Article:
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Cold Weather Takes A Bite Out Of Invasive Insect Population

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Eastern Hemlock trees in northeastern Pennsylvania (credit: Michael P Gadomski/Getty Images)

Eastern Hemlock trees in northeastern Pennsylvania (credit: Michael P Gadomski/Getty Images)

John Ostapkovich John Ostapkovich
John Ostapkovich brings humor and wit, and a wealth of experience...
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By John Ostapkovich

PHILADELPHIA (CBS) - This “winter that just won’t end” has been trying for us humans, but it’s been murder on a type of bug that’s devastating Pennsylvania’s state tree.

Pennsylvania’s ranges of eastern hemlock have been an open salad bar for an invasive species, the hemlock woolly adelgid.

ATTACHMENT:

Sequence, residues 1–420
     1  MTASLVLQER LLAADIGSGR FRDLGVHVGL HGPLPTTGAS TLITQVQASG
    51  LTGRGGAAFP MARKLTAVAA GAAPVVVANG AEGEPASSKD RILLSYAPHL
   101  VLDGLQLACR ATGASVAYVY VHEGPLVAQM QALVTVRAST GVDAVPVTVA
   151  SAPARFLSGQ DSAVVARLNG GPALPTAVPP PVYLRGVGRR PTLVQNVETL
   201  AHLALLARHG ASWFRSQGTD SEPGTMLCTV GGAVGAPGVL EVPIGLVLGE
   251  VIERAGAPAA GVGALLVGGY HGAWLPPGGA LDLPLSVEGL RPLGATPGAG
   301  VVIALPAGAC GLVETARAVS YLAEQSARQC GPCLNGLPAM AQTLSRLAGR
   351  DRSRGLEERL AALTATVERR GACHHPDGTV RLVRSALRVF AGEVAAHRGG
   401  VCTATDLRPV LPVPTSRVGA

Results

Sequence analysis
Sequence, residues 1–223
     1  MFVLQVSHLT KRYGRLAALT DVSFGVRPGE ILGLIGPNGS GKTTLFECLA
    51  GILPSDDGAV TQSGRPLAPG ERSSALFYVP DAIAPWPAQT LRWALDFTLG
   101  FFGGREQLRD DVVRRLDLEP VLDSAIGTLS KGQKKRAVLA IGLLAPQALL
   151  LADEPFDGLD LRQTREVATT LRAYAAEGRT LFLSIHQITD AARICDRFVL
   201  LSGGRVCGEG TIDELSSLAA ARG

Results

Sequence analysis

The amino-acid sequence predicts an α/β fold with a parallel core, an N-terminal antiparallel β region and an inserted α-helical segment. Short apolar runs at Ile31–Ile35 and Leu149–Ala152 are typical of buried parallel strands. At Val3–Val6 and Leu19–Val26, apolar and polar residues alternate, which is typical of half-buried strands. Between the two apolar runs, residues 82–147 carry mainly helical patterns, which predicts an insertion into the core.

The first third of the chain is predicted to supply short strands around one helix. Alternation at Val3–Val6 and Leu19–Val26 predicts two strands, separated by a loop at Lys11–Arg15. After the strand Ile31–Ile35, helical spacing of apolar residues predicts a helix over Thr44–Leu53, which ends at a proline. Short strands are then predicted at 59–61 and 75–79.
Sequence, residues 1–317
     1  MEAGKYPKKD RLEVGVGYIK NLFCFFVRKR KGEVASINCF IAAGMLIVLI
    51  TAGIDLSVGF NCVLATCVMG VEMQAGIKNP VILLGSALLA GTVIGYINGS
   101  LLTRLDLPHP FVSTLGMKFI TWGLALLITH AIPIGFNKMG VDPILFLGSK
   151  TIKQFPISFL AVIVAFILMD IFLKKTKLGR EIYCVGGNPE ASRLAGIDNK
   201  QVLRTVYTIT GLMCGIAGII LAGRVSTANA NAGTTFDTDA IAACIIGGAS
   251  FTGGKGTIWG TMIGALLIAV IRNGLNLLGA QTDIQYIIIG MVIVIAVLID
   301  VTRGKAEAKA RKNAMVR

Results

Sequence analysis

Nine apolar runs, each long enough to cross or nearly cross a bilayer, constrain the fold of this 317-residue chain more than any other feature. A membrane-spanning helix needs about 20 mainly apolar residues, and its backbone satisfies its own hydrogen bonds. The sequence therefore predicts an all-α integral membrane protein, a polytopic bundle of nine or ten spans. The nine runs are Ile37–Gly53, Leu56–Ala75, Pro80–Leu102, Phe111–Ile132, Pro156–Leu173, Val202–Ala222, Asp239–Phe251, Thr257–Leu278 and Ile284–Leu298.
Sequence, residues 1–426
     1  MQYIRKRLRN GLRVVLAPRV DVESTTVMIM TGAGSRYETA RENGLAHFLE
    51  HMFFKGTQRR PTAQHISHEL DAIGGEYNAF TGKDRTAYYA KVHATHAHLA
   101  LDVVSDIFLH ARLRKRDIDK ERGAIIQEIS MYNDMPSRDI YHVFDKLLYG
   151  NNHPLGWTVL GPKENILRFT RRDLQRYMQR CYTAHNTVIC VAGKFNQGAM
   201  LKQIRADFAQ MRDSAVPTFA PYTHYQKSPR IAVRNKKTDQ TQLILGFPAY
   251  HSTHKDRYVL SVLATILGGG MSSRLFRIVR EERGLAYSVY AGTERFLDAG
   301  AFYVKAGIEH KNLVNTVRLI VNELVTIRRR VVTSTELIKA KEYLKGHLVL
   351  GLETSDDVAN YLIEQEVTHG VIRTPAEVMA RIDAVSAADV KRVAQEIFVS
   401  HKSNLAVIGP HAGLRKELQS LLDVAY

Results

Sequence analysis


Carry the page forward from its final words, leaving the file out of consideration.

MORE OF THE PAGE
“Hemlock stands have been totally decimated,” says Donald Eggen, chief entomologist of the state Forest Pest Management. Counter-attacks have involved insecticides and deploying a predatory beetle, but our freezin’ season’s helped out too.

“Maybe there’s something nice that can be said about the cold temperatures is that when it does get down to starting about minus-10, you start getting mortality starting around 90-percent,” he said.

This doesn’t end the wooly adelgid threat because each survivor can produce up to 120 young a year, but it buys time for other control measures to work.

He says the cold has not been as lethal on another troublesome species.

“Emerald ash borer comes from Northern China, Mongolia and Eastern Russia. It gets cold there.”


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